Tuesday Dec 06, 2022
NEW DELHI: India's economy is expected to grow 6.9% in the current fiscal year, the World Bank said on Tuesday, adding that it is well-positioned to tackle global headwinds.
Asia's fourth-largest economy expanded 6.3% in the July-September quarter, and gross domestic product growth for the full fiscal year is likely to be 6.8-7%, the government said last week.
India, like its global peers, has been plagued by a rise in commodity prices and tightening monetary policy by central banks worldwide.
However, the World Bank is confident that the global slowdown has a much lower impact on India, compared to other emerging economies.
"We have no concerns about India's debt sustainability at this stage," World Bank economist Dhruv Sharma said, adding that public debt had declined.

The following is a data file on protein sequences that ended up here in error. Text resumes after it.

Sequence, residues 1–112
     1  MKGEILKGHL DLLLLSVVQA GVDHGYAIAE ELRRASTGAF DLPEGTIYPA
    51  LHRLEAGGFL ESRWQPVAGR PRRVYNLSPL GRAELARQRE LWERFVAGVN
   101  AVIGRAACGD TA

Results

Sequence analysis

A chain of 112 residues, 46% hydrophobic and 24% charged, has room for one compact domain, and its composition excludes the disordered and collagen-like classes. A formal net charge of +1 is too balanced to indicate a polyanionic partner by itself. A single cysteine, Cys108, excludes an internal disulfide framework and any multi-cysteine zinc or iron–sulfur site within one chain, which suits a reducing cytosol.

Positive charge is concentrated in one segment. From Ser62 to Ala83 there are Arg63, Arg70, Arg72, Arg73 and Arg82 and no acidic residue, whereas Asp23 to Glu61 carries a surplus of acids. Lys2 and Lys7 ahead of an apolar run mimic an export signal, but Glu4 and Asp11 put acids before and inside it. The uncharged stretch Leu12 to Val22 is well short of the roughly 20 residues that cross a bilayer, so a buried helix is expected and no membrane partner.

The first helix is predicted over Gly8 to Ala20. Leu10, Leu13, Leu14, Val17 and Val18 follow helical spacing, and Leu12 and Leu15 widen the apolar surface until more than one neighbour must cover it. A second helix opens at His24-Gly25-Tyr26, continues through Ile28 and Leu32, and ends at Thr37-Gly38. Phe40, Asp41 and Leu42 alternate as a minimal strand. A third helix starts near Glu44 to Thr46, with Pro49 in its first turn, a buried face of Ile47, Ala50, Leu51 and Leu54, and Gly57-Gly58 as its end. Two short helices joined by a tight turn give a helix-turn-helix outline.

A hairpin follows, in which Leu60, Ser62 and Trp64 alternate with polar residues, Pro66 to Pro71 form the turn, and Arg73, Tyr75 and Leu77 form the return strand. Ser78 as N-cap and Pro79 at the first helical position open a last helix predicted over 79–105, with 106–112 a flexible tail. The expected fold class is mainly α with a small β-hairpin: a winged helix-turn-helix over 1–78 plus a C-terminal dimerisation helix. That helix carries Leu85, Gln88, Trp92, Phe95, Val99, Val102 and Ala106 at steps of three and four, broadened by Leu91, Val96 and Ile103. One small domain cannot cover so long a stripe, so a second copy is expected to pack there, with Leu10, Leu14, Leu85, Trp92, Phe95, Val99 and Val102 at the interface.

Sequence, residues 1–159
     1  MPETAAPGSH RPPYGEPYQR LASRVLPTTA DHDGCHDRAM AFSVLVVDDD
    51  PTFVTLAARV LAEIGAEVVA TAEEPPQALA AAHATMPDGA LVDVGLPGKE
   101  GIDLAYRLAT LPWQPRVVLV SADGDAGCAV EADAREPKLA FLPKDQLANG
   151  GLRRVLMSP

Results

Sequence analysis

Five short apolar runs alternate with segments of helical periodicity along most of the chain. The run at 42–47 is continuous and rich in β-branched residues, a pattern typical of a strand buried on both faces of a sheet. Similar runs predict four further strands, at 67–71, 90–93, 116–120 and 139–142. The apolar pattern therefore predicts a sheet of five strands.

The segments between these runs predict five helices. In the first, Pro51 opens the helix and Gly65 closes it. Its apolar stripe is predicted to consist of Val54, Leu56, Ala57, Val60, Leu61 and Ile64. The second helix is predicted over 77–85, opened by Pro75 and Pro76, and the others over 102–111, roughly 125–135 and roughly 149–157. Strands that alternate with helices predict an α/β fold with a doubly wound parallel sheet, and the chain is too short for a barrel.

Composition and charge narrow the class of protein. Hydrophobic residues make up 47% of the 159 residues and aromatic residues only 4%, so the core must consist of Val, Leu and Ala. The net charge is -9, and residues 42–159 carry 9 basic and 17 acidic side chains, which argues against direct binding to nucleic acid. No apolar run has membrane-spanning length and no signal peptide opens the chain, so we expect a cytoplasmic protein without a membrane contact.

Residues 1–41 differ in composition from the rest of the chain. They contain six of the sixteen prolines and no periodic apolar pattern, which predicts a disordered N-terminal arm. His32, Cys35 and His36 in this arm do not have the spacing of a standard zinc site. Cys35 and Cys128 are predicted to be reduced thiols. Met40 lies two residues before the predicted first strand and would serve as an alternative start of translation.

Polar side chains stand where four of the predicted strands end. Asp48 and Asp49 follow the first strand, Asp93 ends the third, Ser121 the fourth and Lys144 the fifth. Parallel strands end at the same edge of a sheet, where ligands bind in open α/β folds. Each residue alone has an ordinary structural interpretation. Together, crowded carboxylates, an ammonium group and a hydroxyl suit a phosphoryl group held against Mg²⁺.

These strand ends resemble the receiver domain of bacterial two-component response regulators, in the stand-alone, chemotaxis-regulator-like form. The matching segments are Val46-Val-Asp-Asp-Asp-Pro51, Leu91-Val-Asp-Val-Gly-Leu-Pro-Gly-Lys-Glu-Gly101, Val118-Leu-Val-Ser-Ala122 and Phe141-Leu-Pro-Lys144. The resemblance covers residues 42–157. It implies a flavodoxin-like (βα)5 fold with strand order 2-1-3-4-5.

The report sees average retail inflation at 7.1% this year and warns that the fall in commodity prices could dampen inflationary pressures.
India's annual retail inflation eased to a three-month low of 6.77% in October, but some economists believe it could take up to two years before the rate eased to 4% — the middle level of the Reserve Bank of India's target.
However, the Indian rupee is expected to open lower versus the dollar on Tuesday after better-than-expected U.S. data rekindled worries on how high the Federal Reserve will hike rates.
The rupee is projected to open at around 81.90 per U.S. dollar, weaker than the 81.79 closing in the previous session. The rupee has in the last two sessions declined despite a host of positive cues. The local unit on Monday fell by the most in over a month.
After Monday's disappointment, the question now is whether rupee will be able to at least defend the 82 level, a spot trader at a foreign bank said.
A near-term range of 81-82 for the rupee has been broad consensus, and price action during the day will decide if that range will be revised, the trader added.
Treasury yields and the dollar index rose on Monday and U.S. equities declined after data showed that U.S. services industry activity unexpectedly picked up in November. read more